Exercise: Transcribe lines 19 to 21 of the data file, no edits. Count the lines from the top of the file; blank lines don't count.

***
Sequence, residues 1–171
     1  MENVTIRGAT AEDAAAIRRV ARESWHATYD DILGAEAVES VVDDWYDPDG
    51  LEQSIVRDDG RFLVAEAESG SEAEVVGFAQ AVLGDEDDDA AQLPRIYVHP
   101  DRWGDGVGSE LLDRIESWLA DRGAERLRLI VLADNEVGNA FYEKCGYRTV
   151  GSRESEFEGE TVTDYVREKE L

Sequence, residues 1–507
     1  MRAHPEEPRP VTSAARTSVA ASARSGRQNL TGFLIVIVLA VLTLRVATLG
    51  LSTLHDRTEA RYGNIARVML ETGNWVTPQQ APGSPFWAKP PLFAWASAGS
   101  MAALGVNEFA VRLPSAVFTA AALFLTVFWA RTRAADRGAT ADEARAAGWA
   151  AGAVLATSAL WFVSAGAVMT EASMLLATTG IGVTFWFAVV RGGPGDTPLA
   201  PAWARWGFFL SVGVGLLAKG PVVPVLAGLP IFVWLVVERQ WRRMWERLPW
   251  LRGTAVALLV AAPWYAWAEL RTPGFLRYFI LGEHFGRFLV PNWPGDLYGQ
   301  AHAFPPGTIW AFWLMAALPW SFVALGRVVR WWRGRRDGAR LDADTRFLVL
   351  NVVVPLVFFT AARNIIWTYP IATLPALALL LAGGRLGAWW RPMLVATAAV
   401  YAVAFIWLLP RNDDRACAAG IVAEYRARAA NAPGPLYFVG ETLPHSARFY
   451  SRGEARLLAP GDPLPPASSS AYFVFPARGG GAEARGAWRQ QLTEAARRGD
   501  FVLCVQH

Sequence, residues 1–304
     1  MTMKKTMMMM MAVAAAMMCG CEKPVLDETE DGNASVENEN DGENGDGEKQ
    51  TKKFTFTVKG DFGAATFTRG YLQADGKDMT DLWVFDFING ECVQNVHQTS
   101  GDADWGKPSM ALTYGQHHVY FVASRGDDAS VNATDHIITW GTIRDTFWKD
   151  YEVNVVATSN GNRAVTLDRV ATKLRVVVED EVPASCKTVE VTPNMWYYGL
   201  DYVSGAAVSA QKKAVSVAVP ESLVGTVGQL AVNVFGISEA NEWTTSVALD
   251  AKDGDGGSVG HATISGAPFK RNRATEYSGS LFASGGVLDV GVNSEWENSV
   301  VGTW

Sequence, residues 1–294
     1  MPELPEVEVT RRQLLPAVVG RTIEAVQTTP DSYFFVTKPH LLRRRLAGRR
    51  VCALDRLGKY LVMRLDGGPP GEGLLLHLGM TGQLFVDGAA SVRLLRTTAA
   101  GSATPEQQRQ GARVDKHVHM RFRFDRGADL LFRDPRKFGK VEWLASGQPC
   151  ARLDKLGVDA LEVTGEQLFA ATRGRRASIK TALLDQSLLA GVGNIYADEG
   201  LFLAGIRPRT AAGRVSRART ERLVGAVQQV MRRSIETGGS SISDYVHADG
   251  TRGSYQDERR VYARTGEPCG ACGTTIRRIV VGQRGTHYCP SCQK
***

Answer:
     1  MTMKKTMMMM MAVAAAMMCG CEKPVLDETE DGNASVENEN DGENGDGEKQ
    51  TKKFTFTVKG DFGAATFTRG YLQADGKDMT DLWVFDFING ECVQNVHQTS
   101  GDADWGKPSM ALTYGQHHVY FVASRGDDAS VNATDHIITW GTIRDTFWKD